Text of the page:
When The NBA Returns, How Will The League And Teammates Deal With Rudy Gobert?

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The internet lasts forever.

And that’s a lesson that Utah Jazz center Rudy Gobert has unfortunately learned. I’m sure you’ve probably seen it. But for those that haven’t, there’s a video of Gobert “jokingly” touching every microphone and piece of recording equipment after he finished a recent interview session with the media.

In his mind, he thought making light of the COVID-19 situation was funny. Two days later, Gobert became the first player in the NBA to test positive for the virus and passed it to his teammate Donovan Mitchell.

“I want to thank everyone for the outpouring of concern and support over the last 24 hours. I have gone through so many emotions since learning of my diagnosis…mostly fear, anxiety, and embarrassment,” Gobert wrote on his Instagram page. “The first and most important thing is I would like to publicly apologize to the people that I may have endangered. At the time, I had no idea I was even infected. I was careless and make no excuse. I hope my story serves as a warning and causes everyone to take this seriously. I will do whatever I can to support using my experience as a way to educate others and prevent the spread of this virus.”

Gobert’s apology feels sincere. But does it mean all is forgiven?

But his teammate, who was also infected, doesn’t seem too happy with Gobert.

“Thanks to everyone who has been reaching out since hearing the news about my positive test. We are all learning more about the seriousness of this situation and hopefully people can continue to educate themselves and realize that they need to behave responsibly both for their own health and for the well-being of those around them,” wrote Mitchell in his own statement via Instagram.


As you can tell, Mitchell is still a bit salty about the whole situation, especially since there were reports that Gobert “had been careless in the locker room touching other players and their belongings.” And while it’s been decided that the NBA will not be disciplining Gobert, it doesn’t mean that he’s escaped reproach.

“The mental side of being the first person to have it and there being a viral video of you mocking the illness is enough to weigh on a man, especially somebody who has the mental makeup that Rudy Gobert has,” Tony Jones, Utah Jazz beat writer for The Athletic, told me. “He’s suffered more than any suspension could give him.”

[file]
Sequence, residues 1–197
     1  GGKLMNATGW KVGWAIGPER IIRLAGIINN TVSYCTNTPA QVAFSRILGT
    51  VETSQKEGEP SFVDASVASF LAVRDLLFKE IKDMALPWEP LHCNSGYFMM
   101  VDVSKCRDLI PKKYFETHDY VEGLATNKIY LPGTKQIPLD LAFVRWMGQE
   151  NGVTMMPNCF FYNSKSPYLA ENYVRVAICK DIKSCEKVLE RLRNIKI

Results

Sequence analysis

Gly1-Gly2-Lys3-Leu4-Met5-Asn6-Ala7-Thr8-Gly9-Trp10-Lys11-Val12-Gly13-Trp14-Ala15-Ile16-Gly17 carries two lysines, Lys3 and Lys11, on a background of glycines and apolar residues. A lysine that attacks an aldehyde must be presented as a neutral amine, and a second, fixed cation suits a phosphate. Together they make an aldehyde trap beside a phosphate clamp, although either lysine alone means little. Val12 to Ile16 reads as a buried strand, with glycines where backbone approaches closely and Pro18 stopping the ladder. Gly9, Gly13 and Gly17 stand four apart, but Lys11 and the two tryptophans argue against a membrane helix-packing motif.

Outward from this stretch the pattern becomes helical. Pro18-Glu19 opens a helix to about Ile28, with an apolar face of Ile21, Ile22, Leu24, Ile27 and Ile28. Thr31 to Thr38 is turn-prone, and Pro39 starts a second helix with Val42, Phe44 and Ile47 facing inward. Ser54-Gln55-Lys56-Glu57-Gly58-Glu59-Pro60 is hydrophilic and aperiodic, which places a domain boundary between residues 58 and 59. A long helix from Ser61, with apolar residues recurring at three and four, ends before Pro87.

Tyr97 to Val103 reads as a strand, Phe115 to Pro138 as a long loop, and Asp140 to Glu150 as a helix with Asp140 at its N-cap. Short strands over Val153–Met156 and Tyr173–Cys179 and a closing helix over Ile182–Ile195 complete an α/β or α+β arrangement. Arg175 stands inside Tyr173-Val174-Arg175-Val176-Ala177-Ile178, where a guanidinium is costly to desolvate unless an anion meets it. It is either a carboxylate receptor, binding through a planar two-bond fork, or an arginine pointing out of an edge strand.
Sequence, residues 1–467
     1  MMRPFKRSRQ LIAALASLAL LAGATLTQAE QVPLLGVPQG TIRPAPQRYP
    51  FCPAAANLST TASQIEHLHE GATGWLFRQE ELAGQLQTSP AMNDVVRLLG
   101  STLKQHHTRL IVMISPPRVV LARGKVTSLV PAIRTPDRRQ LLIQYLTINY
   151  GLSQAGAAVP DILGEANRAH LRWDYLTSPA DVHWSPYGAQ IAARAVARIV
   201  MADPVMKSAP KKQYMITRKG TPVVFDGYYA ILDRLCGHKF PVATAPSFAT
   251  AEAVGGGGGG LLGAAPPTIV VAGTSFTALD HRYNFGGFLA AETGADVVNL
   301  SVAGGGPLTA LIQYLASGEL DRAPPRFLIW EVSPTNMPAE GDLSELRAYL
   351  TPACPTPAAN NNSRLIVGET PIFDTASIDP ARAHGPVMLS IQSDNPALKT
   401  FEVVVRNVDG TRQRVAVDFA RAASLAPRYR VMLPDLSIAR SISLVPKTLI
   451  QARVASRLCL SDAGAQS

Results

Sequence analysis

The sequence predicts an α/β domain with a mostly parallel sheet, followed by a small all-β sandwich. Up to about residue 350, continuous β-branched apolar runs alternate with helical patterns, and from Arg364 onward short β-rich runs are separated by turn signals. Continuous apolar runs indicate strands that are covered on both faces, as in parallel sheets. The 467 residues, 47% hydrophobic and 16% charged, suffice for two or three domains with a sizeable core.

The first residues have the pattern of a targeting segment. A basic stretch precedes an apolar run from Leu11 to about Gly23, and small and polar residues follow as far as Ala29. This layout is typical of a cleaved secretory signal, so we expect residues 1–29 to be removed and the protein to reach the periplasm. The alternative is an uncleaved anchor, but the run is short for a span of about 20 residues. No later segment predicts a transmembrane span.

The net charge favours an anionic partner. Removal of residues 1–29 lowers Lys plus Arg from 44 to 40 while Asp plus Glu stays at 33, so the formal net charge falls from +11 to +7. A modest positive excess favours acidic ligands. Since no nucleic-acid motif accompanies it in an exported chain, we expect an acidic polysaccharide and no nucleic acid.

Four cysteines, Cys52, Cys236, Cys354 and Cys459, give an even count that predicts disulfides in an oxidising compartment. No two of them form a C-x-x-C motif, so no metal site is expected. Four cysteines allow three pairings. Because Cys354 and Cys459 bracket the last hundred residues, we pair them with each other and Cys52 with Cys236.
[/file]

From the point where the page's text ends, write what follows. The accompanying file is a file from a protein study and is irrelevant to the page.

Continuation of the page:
Jones is currently isolated in quarantine. It’s been that way since he flew back on the team’s charter plane from Wednesday night’s game against the Oklahoma City Thunder that was postponed due to the COVID-19 outbreak.

“I don’t hold any ill will towards Rudy for what he did,” said Jones. “He likely contracted the virus on the previous road trip the week before. And I think the beating he’s taken on social media has been unfair.”


“Some of (the backlash) is fair because he did it on tape. I get that it’s the social media era and it’s easy for the pitchforks to come out,” Jones continued. “But here’s my thing: I don’t think any of us were taking this thing seriously enough. Because if we were, we might not be in the current situation we’re in.”

Right now, we’re seeing NBA players like Kevin Love, Zion Williamson, Blake Griffin, and Giannis Antetokounmpo follow the lead of Dallas Mavericks Governor Mark Cuban by donating money to pay arena workers, as they’re currently out of work. Once again, players in this league are using their platforms for charitable and humanitarian efforts.

How will the players around the NBA feel about Jazz center Rudy Gobert when basketball returns?
How will the players around the NBA feel about Jazz center Rudy Gobert when basketball returns?
Photo: Getty

And now Gobert is following suit, donating $500,000 to those impacted by the virus “in Utah, Oklahoma City and within the French health care system,” read a statement on the Jazz’s website. And $200,000 of that half-a-million will go to part-time employees in Utah.


How much goodwill can $500,000 buy in his locker room and around the league?

Will Mitchell and his teammates be able to come together and accept Gobert? Will other players in the league be willing to excuse his carelessness?


Those answers remain to be seen. However, it’s not like we haven’t been here before. Because this same franchise was in a similar position during the early ’90s.

“Look at this, scabs and cuts all over me. I get these every night, every game. They can’t tell you that you’re not at risk, and you can’t tell me there’s one guy in the NBA who hasn’t thought about it.”


Those were the words of former Jazz great Karl Malone when it was decided that Magic Johnson was coming back to the NBA, despite having H.I.V. Back then, H.I.V/AIDS was the global virus that had everyone in a panic. We didn’t know much about it, or how it was contracted, though doctors said Johnson could play without being a danger to other players. There was a lot of careless and uninformed behavior like Malone’s.

Sound familiar?

Eventually, the panic around HIV subsided as we learned more about the virus. Over time, people’s stances began to soften, and ones with the disease weren’t treated as lepers anymore. Hopefully, the same thing happens this time, but at a faster pace due to modern medicine.


Only the future knows how Gobert will be received in NBA circles. Because when your greatest sin can be played back on repeat, it tends to slow down the process of forgiveness.